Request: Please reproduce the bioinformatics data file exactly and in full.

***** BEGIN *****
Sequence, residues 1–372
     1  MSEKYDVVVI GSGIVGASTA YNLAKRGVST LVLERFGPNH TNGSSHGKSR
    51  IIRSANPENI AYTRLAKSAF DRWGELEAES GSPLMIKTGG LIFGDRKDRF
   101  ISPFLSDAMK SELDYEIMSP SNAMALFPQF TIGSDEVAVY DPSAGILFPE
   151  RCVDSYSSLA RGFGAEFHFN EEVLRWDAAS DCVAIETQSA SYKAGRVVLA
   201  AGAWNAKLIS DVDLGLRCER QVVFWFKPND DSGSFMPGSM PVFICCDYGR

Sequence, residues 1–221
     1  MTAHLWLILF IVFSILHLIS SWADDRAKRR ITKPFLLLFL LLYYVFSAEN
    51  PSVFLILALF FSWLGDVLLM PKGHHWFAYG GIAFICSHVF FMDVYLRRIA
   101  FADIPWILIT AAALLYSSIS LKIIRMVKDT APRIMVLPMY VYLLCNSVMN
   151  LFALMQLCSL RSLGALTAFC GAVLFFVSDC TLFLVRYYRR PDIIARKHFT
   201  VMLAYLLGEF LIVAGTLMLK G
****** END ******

Sequence, residues 1–372
     1  MSEKYDVVVI GSGIVGASTA YNLAKRGVST LVLERFGPNH TNGSSHGKSR
    51  IIRSANPENI AYTRLAKSAF DRWGELEAES GSPLMIKTGG LIFGDRKDRF
   101  ISPFLSDAMK SELDYEIMSP SNAMALFPQF TIGSDEVAVY DPSAGILFPE
   151  RCVDSYSSLA RGFGAEFHFN EEVLRWDAAS DCVAIETQSA SYKAGRVVLA
   201  AGAWNAKLIS DVDLGLRCER QVVFWFKPND DSGSFMPGSM PVFICCDYGR

Sequence, residues 1–221
     1  MTAHLWLILF IVFSILHLIS SWADDRAKRR ITKPFLLLFL LLYYVFSAEN
    51  PSVFLILALF FSWLGDVLLM PKGHHWFAYG GIAFICSHVF FMDVYLRRIA
   101  FADIPWILIT AAALLYSSIS LKIIRMVKDT APRIMVLPMY VYLLCNSVMN
   151  LFALMQLCSL RSLGALTAFC GAVLFFVSDC TLFLVRYYRR PDIIARKHFT
   201  VMLAYLLGEF LIVAGTLMLK G